On the meat plate, the beef tongue was very soft and pretty good, and so was the thinly sliced, aptly spiced basturma. The veal and chicken rulets (poached meat, served cold) were just okay, a bit dry. The last element was supposed to be duck breast, though we weren’t convinced. Also — and this has more to do with the service than the food itself — it took forever to have bread with all that.

The salo plate was slightly more unusual: how often are you served two different versions of pork fat, cured and smoked? Both were thinly cut and very good. Be sure to remove the rind; it’s not edible.

In the eggplant trio, the roasted eggplant caviar was tasty and spicy, but the Georgian eggplant rolled with walnut and grilled eggplant rolls with cheese and herbs were neither greasy nor cooked enough — eggplant is one of the only vegetables that nobody eats when still crunchy.

We even decided to order a salad, for once. The garden fresh vegetable salad was quite simple — tomatoes, cucumbers, peppers, and lettuce. This kind of reminded me why I never order salads: there’s rarely much to write home about. At least this time it wasn’t drowned in industrial mayo.

Moving on to the mains, I count the pelemeni among the best I’ve had. They didn’t fundamentally differ from less notable renditions, but they hit all the right marks: the slightly irregular shapes confirmed they were made in house, the meat (pork and maybe beef) was very juicy, the dumplings were tossed in butter (and served with sour cream, of course). Delicious. On a different visit, we also tried them as “pelmeni Moscow,” a version baked with eggs, cheese, and dill. I didn’t find them as good, mostly because the combination rendered them a bit dry — more cheese would probably fix it.

The salmon kulebyaka, a pretty big dish for one person, took a little while to come as it was baked to order (the only way to go, indeed). I didn’t find the risotto that the menu promised inside, but a copious piece of salmon cooked just right sat on top of a spinach mixture. A pleasant dill caper cream sauce completed the dish.

The Dacha stew combined tender though not completely melt-in-your-mouth short ribs and potato-tasting potato vareniki with onions. I think potato vareniki go particularly well in stews; I’ve already posted something similar in concept (see my venison goulash here).

Dacha offers three kinds of shashliks: beef, chicken, and sturgeon, each supposedly served with fries (good luck finding them in my pictures).

The sturgeon shashlik, accompanied here by grilled peppers and zucchini, featured fatty and tasty morsels of fish. There was also a sauceboat of good narsharab, reduced pomegranate juice — an Azerbaijan classic. Too bad the sturgeon was ever-so-slightly overcooked.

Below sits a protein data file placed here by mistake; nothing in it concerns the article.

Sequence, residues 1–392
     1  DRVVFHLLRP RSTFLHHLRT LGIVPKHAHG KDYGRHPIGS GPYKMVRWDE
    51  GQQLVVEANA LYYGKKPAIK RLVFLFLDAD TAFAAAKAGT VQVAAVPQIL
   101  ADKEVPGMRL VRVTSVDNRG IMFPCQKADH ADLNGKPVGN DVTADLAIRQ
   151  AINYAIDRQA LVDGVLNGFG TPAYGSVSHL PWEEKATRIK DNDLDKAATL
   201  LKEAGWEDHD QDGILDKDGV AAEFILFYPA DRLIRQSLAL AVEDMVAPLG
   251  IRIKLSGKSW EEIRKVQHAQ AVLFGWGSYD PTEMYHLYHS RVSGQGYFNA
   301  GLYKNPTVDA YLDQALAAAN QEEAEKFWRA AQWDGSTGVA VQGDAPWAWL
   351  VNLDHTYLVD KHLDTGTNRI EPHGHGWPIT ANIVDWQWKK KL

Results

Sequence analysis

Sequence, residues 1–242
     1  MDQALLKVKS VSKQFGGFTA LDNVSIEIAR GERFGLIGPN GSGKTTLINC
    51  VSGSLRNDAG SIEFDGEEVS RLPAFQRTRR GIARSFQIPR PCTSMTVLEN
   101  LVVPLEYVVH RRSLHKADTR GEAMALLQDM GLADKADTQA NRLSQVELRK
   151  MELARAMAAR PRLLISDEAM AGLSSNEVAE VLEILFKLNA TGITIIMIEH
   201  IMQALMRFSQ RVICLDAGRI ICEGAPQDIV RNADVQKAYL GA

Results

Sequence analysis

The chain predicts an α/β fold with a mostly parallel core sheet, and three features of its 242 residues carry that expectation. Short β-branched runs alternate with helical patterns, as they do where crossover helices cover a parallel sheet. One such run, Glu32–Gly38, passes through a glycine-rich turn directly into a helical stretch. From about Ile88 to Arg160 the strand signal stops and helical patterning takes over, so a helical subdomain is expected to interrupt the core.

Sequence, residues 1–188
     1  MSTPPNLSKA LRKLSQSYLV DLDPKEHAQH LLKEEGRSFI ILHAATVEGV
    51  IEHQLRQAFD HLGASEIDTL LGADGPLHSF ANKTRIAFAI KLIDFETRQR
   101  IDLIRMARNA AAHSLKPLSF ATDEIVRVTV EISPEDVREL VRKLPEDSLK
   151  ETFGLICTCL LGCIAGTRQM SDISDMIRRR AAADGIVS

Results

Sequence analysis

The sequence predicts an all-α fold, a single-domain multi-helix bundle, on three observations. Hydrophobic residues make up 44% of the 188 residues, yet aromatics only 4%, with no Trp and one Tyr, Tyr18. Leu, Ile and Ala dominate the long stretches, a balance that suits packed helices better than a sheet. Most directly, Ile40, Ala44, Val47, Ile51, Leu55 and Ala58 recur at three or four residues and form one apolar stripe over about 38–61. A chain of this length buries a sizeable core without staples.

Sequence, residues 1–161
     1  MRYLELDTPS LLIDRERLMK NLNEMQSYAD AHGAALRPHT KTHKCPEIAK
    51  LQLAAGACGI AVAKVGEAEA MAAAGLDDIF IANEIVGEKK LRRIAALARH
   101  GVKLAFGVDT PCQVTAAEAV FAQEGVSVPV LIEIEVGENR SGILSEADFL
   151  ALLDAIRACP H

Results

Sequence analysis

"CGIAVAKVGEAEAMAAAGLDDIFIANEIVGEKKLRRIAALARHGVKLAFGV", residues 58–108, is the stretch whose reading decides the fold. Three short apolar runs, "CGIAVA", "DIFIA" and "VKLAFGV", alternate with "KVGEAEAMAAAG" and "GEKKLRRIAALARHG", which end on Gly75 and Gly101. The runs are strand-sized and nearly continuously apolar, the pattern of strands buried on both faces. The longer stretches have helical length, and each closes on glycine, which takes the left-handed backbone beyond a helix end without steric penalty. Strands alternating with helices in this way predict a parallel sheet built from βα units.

The beef shashlik was excellent: made from slightly fatty flank steak, served medium well (the kitchen doesn’t always give the choice) but not dry. The chef wouldn’t give away the secret of the delicious marinade spice mix, but did say the meat was marinated for 2 to 4 days. The sides were a bit uneven: the grilled peppers and tomato came at room temperature and lacked salt, and so did the large-grain couscous, although they tasted fine regardless. Very thinly sliced onion and Russian ketchup completed a dish that has the potential to be a truly remarkable shashlik.

The beef Stroganoff, on the other hand, was a let-down. The filet mignon was chewy, cooked beyond well done, and I have to wonder if it it really was filet mignon. The sauce tasted good, but there was very, very little of it. The mashed potatoes were fine.

For sides, the home style potatoes, mushrooms, and onions tasted rather good. There’s a bit of a dill obsession going on, however, which is common in Russian cuisine but not something of which I really approve.

The dessert menu contains half a dozen mostly Russian options. The cherry vareniki featured both a jammy cherry filling and a kind of warm, sweet cherry kompot. A winner.

The “very cherry” plombir was much less successful. Plombir designates a very rich ice cream in Russian (from 12% to a whooping 20% fat). This rather nondescript version tasted just rich and sweet, with only the pale pink color hinting that the flavor might be cherry. It was topped with equally bland cherries and whipped cream, which at least seemed homemade.

The drink menu has a long, ever-changing list of house-infused vodkas that are quite good if you’re into that kind of thing. Try the grapefruit and the pina colada flavors. Vodka by the bottle is relatively affordable, unless you go for the “single harvest” Kauffman, the epitome of grain alcohol masturbation, for $15 a shot / $199 a bottle. There’s also a nice cranberry mors, bitter and sweet at the same time.

In the past months, we’ve seen a few new Russian restaurants promising luxury dining but underdelivering (I’m looking at you, Onegin and Brasserie Pushkin). With its much simpler decor, Dacha promises nothing, and ends up delivering many of the same classic dishes without the delusions of grandeur.  The restaurant chose an attractive price point (3 courses will cost you a bit over $40), and I can easily see myself coming back between my Food Perestroika reviews. I just wish the quality was a bit more consistent (and the service faster), as several dishes were truly excellent, while others suffered from basic salt or doneness problems, and even the best dishes have varied a bit over multiple visits.

Cuisine: Russian
Picks: salo, pelmeni, beef shashlik, cherry vareniki
Food: 7.5/10